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Unemployed Older Workers Encounter Special Difficulties Finding Jobs
The Urban Institute

January, 2011

As tales of the Great Recession of 2007â??2009 and its aftermath are told, many older workers may well recount their experiences with relief. But others will likely express only regret.

Workers age 50 and older were less likely than their younger coworkers to lose their jobs but took longer to find work when they became unemployed, and many accepted deep pay cuts, the Urban Institute’s Richard Johnson and Janice Park explain in “Can Unemployed Older Workers Find Work?

Workers age 50 to 61 employed in the second half of 2008 stood a 6.1 percent chance of losing their jobs within 16 months, compared with 9.3 percent for those age 25 to 34 -- a 34 percent advantage.

Between mid-2008 and the end of 2009, the likelihood of finding a new job within 12 months was only 18 percent for laid-off workers 62 and older, half the 36 percent rate registered by workers 25 to 34. For workers 50 to 61, the reemployment rate was 24 percent.

These findings are based on the authors’ analysis of a nationally representative Census Bureau survey that has been tracking American households since September 2008.

In a companion report, “Age Differences in Job Loss, Job Search, and Reemployment,” Johnson and Corina Mommaerts show that, in the decade ending in 2007, age often shielded workers from layoff because older workers generally had more seniority than their younger counterparts. However, men age 50 to 61 who had the same service record as men age 25 to 34 were 24 percent more likely to lose their jobs. Older women were just as likely to lose their jobs as younger women with similar job tenure.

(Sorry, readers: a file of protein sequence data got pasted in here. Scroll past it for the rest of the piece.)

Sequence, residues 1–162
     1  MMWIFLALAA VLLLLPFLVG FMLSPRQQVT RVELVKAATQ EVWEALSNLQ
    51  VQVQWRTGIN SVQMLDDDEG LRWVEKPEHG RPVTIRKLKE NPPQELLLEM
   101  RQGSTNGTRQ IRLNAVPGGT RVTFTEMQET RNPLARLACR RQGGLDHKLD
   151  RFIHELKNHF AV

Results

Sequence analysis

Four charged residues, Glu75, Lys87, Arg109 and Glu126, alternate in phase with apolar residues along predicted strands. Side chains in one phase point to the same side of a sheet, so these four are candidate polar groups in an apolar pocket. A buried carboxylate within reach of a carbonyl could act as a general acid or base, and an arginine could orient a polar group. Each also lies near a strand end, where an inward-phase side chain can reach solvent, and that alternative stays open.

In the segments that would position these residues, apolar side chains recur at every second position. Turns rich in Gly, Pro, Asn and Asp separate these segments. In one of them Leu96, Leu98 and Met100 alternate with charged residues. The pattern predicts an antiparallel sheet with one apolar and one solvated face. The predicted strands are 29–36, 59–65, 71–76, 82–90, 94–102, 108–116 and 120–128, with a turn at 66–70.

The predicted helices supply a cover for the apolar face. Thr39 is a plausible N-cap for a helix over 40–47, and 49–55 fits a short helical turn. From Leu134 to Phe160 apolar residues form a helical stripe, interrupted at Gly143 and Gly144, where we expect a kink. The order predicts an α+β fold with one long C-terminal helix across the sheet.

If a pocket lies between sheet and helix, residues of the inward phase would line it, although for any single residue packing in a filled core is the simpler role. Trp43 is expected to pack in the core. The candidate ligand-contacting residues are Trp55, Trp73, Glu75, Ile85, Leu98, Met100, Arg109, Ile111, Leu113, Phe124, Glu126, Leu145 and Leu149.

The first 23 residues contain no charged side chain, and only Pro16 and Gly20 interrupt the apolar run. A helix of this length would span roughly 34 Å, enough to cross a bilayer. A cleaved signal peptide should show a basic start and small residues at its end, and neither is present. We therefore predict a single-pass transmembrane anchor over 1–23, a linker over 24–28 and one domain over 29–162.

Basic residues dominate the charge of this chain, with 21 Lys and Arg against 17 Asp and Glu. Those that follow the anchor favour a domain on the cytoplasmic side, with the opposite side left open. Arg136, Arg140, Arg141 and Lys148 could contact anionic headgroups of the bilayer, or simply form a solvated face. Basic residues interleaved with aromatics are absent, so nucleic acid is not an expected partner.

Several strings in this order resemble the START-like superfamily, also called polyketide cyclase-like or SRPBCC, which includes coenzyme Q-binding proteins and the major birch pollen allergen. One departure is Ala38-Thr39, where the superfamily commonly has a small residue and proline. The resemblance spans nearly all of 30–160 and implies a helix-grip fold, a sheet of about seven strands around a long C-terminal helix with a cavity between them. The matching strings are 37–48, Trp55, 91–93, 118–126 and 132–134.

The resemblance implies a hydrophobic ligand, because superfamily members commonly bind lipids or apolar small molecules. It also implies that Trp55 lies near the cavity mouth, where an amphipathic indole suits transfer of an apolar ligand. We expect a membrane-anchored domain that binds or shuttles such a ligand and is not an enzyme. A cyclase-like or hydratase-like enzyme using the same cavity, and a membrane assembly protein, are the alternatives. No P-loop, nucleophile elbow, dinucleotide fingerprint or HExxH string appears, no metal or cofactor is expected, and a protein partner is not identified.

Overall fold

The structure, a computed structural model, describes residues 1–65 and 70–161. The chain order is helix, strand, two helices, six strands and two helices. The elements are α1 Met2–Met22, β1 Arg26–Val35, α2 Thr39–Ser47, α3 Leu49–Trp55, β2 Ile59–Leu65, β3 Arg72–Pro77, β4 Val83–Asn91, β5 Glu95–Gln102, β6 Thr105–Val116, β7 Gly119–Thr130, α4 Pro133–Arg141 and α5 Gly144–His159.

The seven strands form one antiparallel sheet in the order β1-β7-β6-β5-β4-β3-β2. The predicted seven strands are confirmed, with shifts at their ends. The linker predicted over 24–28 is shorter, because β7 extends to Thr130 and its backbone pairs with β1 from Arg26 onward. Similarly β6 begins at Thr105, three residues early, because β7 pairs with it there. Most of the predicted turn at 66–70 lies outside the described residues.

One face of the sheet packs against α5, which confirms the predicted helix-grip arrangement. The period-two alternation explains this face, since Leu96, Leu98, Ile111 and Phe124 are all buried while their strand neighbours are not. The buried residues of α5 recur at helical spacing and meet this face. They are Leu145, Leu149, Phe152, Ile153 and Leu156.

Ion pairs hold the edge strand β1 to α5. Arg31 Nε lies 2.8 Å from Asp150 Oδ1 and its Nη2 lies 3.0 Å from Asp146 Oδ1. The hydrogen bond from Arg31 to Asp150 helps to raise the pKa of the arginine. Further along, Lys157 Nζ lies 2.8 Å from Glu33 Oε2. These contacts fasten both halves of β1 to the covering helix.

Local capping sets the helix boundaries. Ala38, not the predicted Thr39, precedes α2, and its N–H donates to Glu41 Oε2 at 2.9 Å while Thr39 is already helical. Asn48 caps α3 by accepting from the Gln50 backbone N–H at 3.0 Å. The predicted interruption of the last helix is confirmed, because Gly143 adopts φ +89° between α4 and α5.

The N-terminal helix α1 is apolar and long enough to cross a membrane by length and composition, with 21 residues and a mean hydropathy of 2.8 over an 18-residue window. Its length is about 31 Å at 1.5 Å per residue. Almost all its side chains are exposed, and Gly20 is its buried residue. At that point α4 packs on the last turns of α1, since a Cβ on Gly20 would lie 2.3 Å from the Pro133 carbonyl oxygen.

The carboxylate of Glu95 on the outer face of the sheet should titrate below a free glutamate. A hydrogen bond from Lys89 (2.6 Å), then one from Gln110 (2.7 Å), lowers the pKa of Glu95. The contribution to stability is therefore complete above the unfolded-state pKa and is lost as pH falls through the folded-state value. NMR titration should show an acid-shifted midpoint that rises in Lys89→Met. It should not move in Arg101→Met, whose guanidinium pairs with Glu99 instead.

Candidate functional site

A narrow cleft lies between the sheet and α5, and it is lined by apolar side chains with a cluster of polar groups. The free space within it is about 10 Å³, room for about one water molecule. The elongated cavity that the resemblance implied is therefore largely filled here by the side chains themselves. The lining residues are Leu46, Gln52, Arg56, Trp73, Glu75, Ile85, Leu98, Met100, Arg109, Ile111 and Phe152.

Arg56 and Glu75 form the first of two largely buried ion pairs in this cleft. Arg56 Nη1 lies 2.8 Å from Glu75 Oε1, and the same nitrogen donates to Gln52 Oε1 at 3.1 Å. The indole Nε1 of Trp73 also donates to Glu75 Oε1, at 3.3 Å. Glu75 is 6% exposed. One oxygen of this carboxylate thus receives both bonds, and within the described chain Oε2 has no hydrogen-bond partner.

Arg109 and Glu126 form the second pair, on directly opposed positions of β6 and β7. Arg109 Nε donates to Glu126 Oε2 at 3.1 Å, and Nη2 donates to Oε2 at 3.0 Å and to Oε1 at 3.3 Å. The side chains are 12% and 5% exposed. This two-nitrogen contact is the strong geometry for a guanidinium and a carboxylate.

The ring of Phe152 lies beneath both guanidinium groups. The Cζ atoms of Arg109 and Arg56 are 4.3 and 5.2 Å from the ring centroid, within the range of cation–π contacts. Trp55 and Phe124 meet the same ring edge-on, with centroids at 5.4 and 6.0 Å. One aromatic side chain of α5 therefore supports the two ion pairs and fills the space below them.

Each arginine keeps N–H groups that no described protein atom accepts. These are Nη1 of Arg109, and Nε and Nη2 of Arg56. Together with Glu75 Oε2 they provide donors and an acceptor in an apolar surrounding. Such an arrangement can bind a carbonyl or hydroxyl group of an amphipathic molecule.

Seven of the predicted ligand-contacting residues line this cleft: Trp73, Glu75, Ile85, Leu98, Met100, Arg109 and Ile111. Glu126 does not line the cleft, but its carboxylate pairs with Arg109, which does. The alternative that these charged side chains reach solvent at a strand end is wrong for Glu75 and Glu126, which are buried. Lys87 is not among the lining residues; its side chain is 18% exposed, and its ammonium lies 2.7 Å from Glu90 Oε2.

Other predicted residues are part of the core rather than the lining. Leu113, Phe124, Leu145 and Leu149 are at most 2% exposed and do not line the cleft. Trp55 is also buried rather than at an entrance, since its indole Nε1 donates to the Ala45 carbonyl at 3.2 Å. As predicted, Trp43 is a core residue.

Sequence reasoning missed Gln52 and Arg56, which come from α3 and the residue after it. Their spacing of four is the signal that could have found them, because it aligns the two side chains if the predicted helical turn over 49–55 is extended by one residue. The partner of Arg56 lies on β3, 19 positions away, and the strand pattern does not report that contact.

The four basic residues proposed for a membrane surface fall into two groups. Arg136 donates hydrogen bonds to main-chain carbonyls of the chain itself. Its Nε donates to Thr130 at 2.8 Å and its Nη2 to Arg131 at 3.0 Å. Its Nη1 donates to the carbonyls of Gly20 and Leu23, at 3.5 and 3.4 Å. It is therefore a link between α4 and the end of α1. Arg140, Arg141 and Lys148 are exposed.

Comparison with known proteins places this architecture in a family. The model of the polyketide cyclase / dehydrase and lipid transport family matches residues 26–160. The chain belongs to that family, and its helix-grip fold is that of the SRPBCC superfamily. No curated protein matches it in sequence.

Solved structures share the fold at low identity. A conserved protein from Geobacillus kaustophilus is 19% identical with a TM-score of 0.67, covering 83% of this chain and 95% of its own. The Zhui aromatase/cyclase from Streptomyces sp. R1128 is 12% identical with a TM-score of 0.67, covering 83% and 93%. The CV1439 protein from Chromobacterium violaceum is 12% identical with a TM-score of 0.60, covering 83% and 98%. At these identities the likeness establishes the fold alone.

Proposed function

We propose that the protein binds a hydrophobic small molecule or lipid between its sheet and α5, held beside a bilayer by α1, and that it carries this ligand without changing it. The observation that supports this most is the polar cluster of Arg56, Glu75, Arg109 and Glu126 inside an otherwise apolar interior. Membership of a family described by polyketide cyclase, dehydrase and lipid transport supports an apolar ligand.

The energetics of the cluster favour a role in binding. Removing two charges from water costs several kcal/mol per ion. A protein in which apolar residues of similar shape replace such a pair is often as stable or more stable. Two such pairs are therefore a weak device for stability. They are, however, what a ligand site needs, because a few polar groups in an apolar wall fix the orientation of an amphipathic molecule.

Johnson and Mommaerts also find that displaced men age 50 to 61 who found new jobs between 1996 and 2007 typically took a 20 percent hit to their hourly wages. Their counterparts 62 and older suffered a 36 percent falloff, while median wages fell only 4 percent for reemployed men age 35 to 49 and 2 percent for those 25 to 34. Older displaced women had sizeable wage losses, but not as dramatic as those for men. (Interestingly, displaced men and women 18 to 24 earned 2 to 7 percent more at their new jobs than their old ones.)

“Not only can job loss have devastating consequences in the short run, but it also upends retirement savings, especially for older workers,” says Johnson, who directs the Urban Institute’s Program on Retirement Policy. “Their financial security hinges on a solid employment record right up to retirement.”

About half of all displaced workers between 1996 and 2007 moved into a new occupation or new industry when they landed another job. Overall, only 4.4 percent of men and 3.2 percent of women transitioned to self-employment.

Can Unemployed Older Workers Find Work?” was funded by the Rockefeller Foundation. “Age Differences in Job Loss, Job Search, and Reemployment” was supported by the Center for Retirement Research at Boston College through a grant from the U.S. Social Security Administration.

The Urban Institute is a nonprofit, nonpartisan policy research and educational organization that examines the social, economic, and governance challenges facing the nation. It provides information, analyses, and perspectives to public and private decisionmakers to help them address these problems and strives to deepen citizens’ understanding of the issues and trade-offs that policymakers face.


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